THERE were winners and losers in the Newcastle Supercars deal even before a signature was written on the contract for the five year event.
The winners include the harbour city which will be showcased in an event that will be watched by millions. Tourist operators, hotels, restaurants and many Newcastle and Hunter businesses will also benefit from the event in November.
But there are losers, and they’re not just confined to the cars on the track.
East End residents will bear the brunt of the negative side of such a large event on that weekend, and are already dealing with the traffic, parking and basic inconvenience of having a Supercar event outside their front doors.
Noise will be extreme and unrelenting over the weekend of the event, and will clearly be significantly greater than any noise intrusion visited on any other community in the Hunter, albeit for a relatively short period.
But relatively short is relative.
Anything that is extreme enough to force people from their homes cannot be dismissed with an argument that the community will benefit. In a situation where a small number of people are paying for the benefits of the many, it is the responsibility of governments and regulators to ensure as many safeguards as possible are in place.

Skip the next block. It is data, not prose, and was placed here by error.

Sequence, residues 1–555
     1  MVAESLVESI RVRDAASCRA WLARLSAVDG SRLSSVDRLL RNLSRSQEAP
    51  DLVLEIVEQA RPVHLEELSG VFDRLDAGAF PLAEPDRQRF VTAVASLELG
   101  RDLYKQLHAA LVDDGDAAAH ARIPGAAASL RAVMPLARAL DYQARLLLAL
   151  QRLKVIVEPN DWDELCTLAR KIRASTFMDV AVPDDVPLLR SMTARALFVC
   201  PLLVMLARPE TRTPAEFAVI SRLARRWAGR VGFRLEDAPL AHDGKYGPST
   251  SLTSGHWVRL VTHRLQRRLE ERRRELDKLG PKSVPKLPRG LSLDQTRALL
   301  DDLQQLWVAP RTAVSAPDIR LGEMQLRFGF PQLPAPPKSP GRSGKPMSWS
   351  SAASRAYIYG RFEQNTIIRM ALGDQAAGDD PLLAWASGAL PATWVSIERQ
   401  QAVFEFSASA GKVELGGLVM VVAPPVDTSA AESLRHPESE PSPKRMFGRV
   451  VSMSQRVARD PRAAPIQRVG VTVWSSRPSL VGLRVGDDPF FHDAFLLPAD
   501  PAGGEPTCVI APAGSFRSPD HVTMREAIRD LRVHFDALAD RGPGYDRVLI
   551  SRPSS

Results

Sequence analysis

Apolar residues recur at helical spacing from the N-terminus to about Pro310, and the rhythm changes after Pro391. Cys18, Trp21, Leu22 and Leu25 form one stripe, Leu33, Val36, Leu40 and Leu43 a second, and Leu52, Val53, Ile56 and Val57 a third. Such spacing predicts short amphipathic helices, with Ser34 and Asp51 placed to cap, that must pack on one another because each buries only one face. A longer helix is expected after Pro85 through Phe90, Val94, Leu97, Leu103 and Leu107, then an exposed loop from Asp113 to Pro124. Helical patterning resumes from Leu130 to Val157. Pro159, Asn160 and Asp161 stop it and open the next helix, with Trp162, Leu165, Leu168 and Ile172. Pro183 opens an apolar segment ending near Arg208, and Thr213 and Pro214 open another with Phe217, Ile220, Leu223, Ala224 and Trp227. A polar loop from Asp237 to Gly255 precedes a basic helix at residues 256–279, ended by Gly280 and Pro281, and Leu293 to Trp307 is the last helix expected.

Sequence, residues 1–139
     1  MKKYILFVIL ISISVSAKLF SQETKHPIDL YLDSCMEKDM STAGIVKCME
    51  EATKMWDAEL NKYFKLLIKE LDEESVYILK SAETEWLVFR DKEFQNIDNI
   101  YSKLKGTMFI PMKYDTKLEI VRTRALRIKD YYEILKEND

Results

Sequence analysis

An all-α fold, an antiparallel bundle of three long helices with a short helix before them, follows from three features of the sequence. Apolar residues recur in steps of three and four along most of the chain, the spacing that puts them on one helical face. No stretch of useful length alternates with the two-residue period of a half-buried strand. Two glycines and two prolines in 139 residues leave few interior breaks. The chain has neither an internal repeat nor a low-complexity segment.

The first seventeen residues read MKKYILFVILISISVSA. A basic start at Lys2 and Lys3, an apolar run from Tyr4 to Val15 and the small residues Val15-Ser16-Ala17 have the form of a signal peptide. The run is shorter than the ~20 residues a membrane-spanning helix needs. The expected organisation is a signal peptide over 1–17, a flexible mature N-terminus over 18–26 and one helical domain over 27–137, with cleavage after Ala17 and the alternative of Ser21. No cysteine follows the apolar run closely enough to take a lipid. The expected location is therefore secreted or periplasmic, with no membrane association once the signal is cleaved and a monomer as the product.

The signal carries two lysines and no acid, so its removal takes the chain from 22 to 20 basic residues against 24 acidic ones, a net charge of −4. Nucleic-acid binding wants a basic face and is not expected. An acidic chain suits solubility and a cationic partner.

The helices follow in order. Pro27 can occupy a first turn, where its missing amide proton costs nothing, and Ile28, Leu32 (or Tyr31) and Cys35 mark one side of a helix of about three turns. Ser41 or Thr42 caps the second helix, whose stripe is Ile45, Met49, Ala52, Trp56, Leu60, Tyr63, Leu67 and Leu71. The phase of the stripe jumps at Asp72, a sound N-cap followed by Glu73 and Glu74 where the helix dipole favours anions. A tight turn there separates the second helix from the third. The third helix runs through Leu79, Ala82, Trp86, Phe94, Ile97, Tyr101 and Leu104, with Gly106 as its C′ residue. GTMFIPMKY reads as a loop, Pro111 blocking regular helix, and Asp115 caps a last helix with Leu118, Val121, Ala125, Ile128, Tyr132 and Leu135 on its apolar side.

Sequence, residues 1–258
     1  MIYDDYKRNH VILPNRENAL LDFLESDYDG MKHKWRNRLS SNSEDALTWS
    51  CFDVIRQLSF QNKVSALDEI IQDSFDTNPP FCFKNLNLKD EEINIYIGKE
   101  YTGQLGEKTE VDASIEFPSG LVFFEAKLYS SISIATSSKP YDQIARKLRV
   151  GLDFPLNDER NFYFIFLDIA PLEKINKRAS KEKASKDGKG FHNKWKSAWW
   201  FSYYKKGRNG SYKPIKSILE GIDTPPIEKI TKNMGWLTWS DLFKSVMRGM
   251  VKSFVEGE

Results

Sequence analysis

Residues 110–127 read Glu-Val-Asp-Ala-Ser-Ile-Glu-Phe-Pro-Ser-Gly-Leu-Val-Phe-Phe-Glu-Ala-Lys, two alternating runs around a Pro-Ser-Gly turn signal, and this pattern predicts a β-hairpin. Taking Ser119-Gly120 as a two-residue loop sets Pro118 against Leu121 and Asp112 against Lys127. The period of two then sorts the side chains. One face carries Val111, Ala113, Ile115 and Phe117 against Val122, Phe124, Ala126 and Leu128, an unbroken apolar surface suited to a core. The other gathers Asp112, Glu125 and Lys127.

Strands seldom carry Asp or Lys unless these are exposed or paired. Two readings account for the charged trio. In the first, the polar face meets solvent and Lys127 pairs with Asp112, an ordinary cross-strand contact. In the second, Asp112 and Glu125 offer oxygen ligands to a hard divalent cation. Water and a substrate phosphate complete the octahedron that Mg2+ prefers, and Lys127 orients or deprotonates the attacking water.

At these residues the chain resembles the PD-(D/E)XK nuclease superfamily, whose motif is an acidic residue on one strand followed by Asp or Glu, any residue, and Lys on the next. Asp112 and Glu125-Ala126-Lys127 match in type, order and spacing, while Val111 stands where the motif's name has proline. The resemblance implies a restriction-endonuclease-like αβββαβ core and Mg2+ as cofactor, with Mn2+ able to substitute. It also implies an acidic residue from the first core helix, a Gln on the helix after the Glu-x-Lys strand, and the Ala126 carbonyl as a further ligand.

The noise management plan announced by Supercars chief executive James Warburton identified that 31 homes in the East End could be subject to noise levels louder than accepted guidelines, which in this case are deemed to be 84 decibels over a 10-hour period.
Residents want the NSW Government to release the actual noise report behind the noise management plan, so that independent acoustic engineers can review the data on which the noise management plan recommends mitigation methods.
Acoustic engineer Julian Ellis, working for the East End residents, raised the most important issue in the Supercars debate – what residents had been asking for all along is transparency in the process.
It’s on that point that Supercars and Newcastle City Council need to do more work.
It’s not unreasonable for residents to ask for the report on which matters affecting them are based. While they’re losing a lot so that many can benefit, the least they can expect is transparency, which equates to public honesty by decision makers.